In the Art classes that I took in college we would gather all sorts of interesting items to create what the instructor called “a still-life”, each week we would build a new still life to help us learn how to draw shapes, shadows, and reflections. We would compile a menagerie of odd shaped objects in some corner of the drawing studio and then place lights from different directions to produce interesting and unique shadows.
I enjoyed the art classes with all the creative mediums and imaginative people, but when one of my teachers suggested I try photography everything changed. Photography with it’s almost magical processes both behind the camera, and in darkrooms with their chemical filled trays, reached out and grabbed me and there was no going back.
Those original photography classes included a few sessions with live models, and sometimes mannequins, but I missed those long classroom discussions and the quiet periods of contemplation that accompanied those simple arrangements of objects in those art classes.
I wanted my photography to be something more than just a record of the world around me. Looking to do something other than scenics or portraiture, I decided it would be fun to join classmates that were into street photography. They wandered urban areas, pointing their cameras at scenes that included unsuspecting people in their hectic environments to create engaging images that suggested different stories to each person that viewed their pictures. I enjoyed their compositions comprised of light, shadow, architectural features and, of course, those unsuspecting people.
I tagged along with them because I liked hanging out with photographers, enjoyed walking, and discovering the city, but always ended up either making posed pictures or excluding people all together in favor of some lamppost, architectural feature, or drawing on a wall. More often than not I’d wander off from the others to explore some alley or stairwell, searching for some more intimate features that were always part of, instead of the complete scene.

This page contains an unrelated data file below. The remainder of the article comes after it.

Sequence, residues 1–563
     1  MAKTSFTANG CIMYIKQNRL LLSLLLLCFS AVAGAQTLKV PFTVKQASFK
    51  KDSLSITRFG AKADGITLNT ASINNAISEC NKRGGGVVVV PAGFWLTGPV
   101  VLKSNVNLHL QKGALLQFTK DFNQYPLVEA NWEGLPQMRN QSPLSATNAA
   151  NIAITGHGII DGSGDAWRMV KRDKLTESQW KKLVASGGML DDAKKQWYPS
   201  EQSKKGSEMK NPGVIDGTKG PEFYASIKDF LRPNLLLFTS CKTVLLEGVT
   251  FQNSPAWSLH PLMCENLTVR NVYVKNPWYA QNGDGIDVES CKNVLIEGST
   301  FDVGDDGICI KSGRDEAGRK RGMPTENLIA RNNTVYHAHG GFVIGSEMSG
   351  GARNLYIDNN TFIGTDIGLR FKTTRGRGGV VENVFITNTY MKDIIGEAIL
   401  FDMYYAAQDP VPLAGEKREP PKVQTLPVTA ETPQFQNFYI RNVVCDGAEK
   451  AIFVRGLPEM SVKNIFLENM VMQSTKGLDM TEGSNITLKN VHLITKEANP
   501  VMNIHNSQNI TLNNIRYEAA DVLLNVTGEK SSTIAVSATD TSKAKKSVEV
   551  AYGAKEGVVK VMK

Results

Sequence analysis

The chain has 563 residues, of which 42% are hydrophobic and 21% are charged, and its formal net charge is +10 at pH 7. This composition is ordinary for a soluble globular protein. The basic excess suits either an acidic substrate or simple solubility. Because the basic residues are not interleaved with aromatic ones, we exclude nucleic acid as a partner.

I did then, and still do, include people in some of my cityscapes. I like looking at the street photography of modern photographers, but the people in my “street” images are really nothing more than additional elements that fill a space that could as easily be occupied by any other object. I suppose my interest in still-life changed from drawing to photographing one.
I admit to photographing almost everything. I am pretty indiscriminant when it comes to the subjects I point my camera at, and without hesitation will photograph as creatively as I can, what ever moves me at the time.
And I like to think I adhere to the words of famous documentary photographer Elliot Erwitt who said, “To me, photography is an art of observation. It’s about finding something interesting in an ordinary place… I’ve found it has little to do with the things you see and everything to do with the way you see them.”
My process, while wandering in search of still-lifes, is to never be on any direct course as I forage for another still life and my photographs rarely show the whole. I photograph those parts that catch my attention; the still-life might include an interesting door, railing, or even window frame as I review and how the light touches them.
Drawing a still-life in those classes was much easier than hunting one with a camera. After all a photographer is forced to problem solve those found objects. I suppose one could move things around, but that’s kind of cheating. I like the search and the discovery and the process of thinking through how to make the original image. Sure, there is a lot one can do in post, and that’s just fine with me, but photographers still have to find the raw elements to begin with.
As always, I appreciate your comments.
My website is at www.enmanscamera.com